Wisconsin Potato and Vegetable Growers Association

In the May 2014 Badger Common’Tater

Wisconsin Maintains Top Ranking in Snap Beans for Processing

Wisconsin maintained its number one ranking in production of processing snap beans. The state processed 45 percent of the nation’s crop, with 298,570 tons in 2013. Harvested acres were down from 70,700 acres in 2012 to 59,800 acres in 2013. Nationally, snap bean production fell 11 percent due to a sharp drop in acres harvested.

Wisconsin remained in second place in the nation for total production and value of production and third place for harvested acreage for the major processing vegetables in 2013, according to the USDA, National Agricultural Statistics Service – Vegetables report.  California remained the number one state in all three categories and accounted for 71 percent of the total production of these vegetables.  Read the May 2014 Badger Common’Tater for more information about Wisconsin’s rank in the nation’s vegetable production.

Harvesting Snap BeansHarvesting snap beans in a Central Wisconsin field.  Wisconsin ranks number one in snap beans for processing with 45% of the nation’s crop in 2013.

Balancing Yields and Nitrogen Use Efficiency in High Yielding Snap Bean

By Matt Ruark, UW Dept. of Soil Science and Ying Wang, UW Dept. of Horticulture

Recent research has indicated that the current UW guidelines for nitrogen (N) fertilizer rates for snap bean may need to be revised. As listed in the UWEX A2809 (Nutrient application guidelines for field, vegetable, and fruit crops in Wisconsin) and A3422 (Commercial vegetable production in Wisconsin), for soils with 0 to 2% organic matter, the N recommendation for snap bean is 60 lb/ac.  Sandy soils in our Centrals Sands region are likely to be in this range. This recommendation is for yields up to 6.5 ton/ac.

Research conducted at the Del Monte Research Farm in Plover, Wisconsin from 2010 to 2012 suggests that most root rot resistant varieties required 100 lb-N/ac to maximize yields. This includes 20 lb-N/ac in the starter fertilizer and 80 lb-N/ac split applied during the first month of plant growth. What is interesting to note is that the maximum yields are 50 to 100% greater than 6.5 ton/ac and thus, these expected yields are outside of the current recommendations. Thus, updated recommendations for high yielding snap bean is required and I am suggesting here that an optimum N rate would be 80 to 100 lb/ac.  For the full story, read The Badger Beat column in the May 2014 issue of The Badger Common’Tater.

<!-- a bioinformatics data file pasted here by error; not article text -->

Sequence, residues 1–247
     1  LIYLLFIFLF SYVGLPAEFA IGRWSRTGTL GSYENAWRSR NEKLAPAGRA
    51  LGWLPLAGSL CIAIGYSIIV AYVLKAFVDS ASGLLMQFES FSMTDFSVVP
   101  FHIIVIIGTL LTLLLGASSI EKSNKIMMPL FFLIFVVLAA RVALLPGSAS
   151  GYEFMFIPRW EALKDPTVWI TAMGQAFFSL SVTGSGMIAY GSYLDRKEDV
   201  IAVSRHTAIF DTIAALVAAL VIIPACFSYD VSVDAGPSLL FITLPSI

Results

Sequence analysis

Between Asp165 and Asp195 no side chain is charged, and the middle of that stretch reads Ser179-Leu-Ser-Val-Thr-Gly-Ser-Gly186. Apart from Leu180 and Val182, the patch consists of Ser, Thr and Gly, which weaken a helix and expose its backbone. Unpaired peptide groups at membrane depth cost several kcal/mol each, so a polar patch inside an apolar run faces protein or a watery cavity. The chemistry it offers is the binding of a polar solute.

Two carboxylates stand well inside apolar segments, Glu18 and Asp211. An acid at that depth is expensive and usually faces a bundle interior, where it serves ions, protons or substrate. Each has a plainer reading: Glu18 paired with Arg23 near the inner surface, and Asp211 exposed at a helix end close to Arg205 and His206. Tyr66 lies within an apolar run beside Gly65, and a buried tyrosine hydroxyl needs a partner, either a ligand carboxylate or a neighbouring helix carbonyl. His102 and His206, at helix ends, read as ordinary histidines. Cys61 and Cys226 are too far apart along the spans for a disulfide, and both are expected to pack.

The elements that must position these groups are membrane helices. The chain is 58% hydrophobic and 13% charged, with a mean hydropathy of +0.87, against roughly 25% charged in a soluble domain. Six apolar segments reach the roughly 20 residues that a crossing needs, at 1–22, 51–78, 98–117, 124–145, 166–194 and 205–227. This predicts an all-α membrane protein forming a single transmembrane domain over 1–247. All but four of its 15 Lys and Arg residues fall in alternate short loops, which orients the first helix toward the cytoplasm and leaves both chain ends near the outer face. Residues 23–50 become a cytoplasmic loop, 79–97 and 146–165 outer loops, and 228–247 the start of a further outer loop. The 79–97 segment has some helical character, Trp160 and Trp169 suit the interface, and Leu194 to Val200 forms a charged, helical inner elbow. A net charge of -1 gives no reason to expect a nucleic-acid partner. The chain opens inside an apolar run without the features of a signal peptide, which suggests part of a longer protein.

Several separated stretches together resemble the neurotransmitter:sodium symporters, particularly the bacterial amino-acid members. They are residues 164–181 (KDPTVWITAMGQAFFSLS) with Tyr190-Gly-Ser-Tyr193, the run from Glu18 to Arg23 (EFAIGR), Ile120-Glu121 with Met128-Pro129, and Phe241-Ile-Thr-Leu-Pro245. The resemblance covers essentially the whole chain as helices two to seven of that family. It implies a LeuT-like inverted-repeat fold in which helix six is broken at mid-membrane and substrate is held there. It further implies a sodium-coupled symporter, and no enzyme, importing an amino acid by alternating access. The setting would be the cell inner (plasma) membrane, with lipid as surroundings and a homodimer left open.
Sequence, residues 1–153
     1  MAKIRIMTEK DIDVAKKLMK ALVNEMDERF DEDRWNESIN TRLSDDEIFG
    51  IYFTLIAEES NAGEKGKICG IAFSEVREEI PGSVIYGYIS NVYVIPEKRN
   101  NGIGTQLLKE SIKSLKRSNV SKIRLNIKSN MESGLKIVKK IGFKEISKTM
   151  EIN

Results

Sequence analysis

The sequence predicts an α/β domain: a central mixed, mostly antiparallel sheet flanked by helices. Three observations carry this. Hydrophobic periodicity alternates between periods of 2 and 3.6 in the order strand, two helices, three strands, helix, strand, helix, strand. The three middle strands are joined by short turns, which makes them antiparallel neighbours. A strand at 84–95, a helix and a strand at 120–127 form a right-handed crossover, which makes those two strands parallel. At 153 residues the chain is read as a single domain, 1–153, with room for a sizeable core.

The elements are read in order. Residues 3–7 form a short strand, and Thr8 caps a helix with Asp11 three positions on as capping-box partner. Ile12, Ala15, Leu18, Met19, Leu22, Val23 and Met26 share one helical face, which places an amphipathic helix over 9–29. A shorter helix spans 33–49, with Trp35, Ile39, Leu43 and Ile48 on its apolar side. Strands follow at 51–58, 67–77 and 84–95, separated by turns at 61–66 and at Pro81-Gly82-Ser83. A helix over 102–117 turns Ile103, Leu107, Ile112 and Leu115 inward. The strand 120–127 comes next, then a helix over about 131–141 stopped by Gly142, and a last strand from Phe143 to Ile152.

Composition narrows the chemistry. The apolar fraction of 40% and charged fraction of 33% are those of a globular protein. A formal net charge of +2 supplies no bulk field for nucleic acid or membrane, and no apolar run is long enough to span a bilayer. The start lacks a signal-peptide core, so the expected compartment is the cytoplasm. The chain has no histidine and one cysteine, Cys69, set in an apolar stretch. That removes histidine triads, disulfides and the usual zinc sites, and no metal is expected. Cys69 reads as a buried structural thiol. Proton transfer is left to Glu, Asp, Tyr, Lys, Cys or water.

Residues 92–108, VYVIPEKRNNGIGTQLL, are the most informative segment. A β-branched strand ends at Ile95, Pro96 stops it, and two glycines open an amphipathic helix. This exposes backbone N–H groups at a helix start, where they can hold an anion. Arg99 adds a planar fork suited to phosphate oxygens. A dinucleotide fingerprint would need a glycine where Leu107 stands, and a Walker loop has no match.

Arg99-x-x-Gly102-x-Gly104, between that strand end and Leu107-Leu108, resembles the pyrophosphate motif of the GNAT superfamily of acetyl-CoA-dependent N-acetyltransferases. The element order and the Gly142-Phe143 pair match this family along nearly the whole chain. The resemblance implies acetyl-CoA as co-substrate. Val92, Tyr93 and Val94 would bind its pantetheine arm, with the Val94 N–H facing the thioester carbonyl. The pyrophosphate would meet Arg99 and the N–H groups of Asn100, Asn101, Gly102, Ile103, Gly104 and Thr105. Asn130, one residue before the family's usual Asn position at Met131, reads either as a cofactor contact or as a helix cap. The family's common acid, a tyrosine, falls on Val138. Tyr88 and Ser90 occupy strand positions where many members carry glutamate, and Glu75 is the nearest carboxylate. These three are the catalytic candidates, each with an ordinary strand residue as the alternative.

Snap Beans

Spudmobile on Road to Completion

Promotions Committee Members with WI SpudmobilePictured in front of the newly-purchased Spudmobile are Promotions Committee members (L-R) Marc Stalter, Chris Brooks and Andy Diercks.  The Spudmobile will be a major focus of the WPVGA’s promotional programming in 2014 and beyond.

One new “attendee” at this year’s WPVGA Promotions Retreat never even stepped inside the reserved meeting space. Instead, it remained in a reserved area of the parking lot. Thanks to a significant amount of collaboration and teamwork on behalf of the Promotions Committee, the Spudmobile made it from Michigan to Wisconsin just days before the retreat.

Promotions Committee member Chris Brooks of Central Door Solutions, brought the RV back to Wisconsin, and says it was a bit overwhelming the first time he sat in the driver’s seat. “I settled in to look everything over and got the feeling of accomplishment. I was about to start us out on a journey that originated from the vision and work of so many,” Brooks says.

“We really appreciated being able to see and walk through the Spudmobile at the Promotions Retreat,” said Chairman Mike Gatz with Bushmans’ Inc. “Doing so gave everyone a different perspective and the ability to envision where we wanted the interior elements to go in order to offer the most fun and exciting educational experience possible.”

For more details, check out the May 2014 edition of The Badger Common’Tater.



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